Even if I don't pack him off to pre-school, or whatever the term is for the full five-day affair that seems to be all the rage, the minute he turns three, I guess there's always the lure of those three free hours a day. (Provided the Tories don't get there first, and let's face it: they should, I can afford to pay his way.) And then there's school proper, which seems to begin earlier and earlier. I'd always thought kids were five when they start, but with a June birthday, Louis will barely be four as things stand. I would happily consider "redshirting" him (an American term for holding them back a year before they start school, which you can read about in this NY Times piece) but that seems to be one American fashion yet to cross the Atlantic.

I realise he might end up settling down; a new routine in new surroundings is a big deal when you're only two, plus he only goes two days a week, which I know is harder. But then again he might not. As the nursery lady reminded me, some kids just always cry when dumped. (*Helpfully* with an actual anecdote about a boy who never got used to being dumped by his mum, right up to still crying when he started school.) So for the meantime, I reckon we're stuck in that net. Now, how do I break it to Louis?

Monday, October 4, 2010

The perils of Thomas

Hard not to inhale deeply at today's Mail story about the "little boy trapped in the world of Thomas the Tank Engine". It can't have been only me thinking, 'There but for the grace of God.....' Yet there is one big difference between Louis' Thomas obsession and the boy in the article: I'm trying not to let Louis find out that the Thomas of his many books also moonlights as a television star. Not because I think TV is inherently evil, as the piece goes on to imply, but just because I. Can't. Take. Any. More. Thomas.

Can someone explain what it is about the cheeky tank engine? Personally, I can't imagine a more boring series of books. Especially if you're *lucky* enough to own some of the original stories. Back then, children's authors didn't mince their words so the trains' adventures are described in full technical glory. There are sidings; couplings; buffers; and many, many more trainspotting terms that I don't understand let alone a toddler. Yet he couldn't be more gripped. Night, after night - with plenty of mornings, mid-mornings, pre-lunchtime naps, and mid-afternoons thrown in for good measure - it's Thomas, Thomas, Thomas. Not forgetting the hours spent pushing mini Thomas and pals round his own train tracks.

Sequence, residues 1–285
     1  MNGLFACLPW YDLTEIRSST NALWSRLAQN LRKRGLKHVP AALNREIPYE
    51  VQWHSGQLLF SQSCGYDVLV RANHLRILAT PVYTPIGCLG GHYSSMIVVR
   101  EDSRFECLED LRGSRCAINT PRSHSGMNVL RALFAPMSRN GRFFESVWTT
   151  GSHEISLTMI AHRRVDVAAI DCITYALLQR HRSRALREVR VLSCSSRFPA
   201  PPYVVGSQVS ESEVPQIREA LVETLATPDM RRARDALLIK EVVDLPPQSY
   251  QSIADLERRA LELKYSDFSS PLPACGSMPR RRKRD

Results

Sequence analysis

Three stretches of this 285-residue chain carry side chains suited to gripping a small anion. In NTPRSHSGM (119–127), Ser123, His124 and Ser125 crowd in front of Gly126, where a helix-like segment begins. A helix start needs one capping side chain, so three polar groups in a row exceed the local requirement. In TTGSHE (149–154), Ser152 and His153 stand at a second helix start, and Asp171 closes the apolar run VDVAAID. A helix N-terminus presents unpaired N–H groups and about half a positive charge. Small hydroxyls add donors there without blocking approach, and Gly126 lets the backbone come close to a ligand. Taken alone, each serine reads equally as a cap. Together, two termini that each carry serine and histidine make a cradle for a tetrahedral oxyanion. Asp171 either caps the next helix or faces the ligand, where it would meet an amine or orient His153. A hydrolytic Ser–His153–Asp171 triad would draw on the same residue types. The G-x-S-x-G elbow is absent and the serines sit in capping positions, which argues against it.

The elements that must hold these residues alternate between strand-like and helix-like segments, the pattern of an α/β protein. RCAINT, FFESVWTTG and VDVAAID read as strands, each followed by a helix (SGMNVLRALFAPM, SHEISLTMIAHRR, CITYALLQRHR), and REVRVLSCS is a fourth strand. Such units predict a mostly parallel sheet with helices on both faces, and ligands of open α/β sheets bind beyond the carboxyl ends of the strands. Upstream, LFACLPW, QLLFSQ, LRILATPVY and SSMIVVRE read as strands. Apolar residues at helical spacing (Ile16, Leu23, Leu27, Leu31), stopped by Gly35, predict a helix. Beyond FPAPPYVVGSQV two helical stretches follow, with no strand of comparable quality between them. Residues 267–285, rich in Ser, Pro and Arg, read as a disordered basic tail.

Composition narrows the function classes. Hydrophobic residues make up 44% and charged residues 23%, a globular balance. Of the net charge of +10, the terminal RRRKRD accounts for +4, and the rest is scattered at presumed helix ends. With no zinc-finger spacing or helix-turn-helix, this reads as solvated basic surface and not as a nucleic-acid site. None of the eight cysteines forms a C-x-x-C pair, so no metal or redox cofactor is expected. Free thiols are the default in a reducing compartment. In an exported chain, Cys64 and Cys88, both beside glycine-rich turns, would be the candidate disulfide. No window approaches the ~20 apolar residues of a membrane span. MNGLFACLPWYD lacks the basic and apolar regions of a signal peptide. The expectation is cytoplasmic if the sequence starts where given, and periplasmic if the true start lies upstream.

Bizarrely, I think the obsession was triggered by a cook book. A free one I got sent at work uselessly telling you how to make all sorts of impossibly different character cakes. I brought it home, Louis discovered it, and would spend hours getting me to explain how you make a Thomas cake. But I also blame the person who gave him two Thomas books for his first birthday! (If only the bump in her tummy was male, I could get my own back, but alas!)

(That said, Thomas did - briefly - become cool last night when Louis discovered an interactive Thomas playmat in his friend Yoppy's room that translated every single Thomas train into Japanese. I liked "Hen-ly" and "Haloldy" best. I want it!)

It was interesting, though, that the Mail piece, which was based on a paper published in the Journal of Developmental and Behavioural Pediatrics, used evidence of the boy's fixation to rail against television. Louis is (almost) as into Thomas and yet he takes all his stories from an old-fashioned book. I personally think TV can be an excellent teacher - as does Desmond Morris we learnt last week. Plus, I'll never forget one taxi driver crediting the Disney channel for his 12-month-old daughter already being able to count up to ten. And the lessons Louis learns from Charlie and Lola are invaluable. Not to mention the vocab. Perhaps the trick is just not to let him find out that there's such a thing as a Thomas DVD....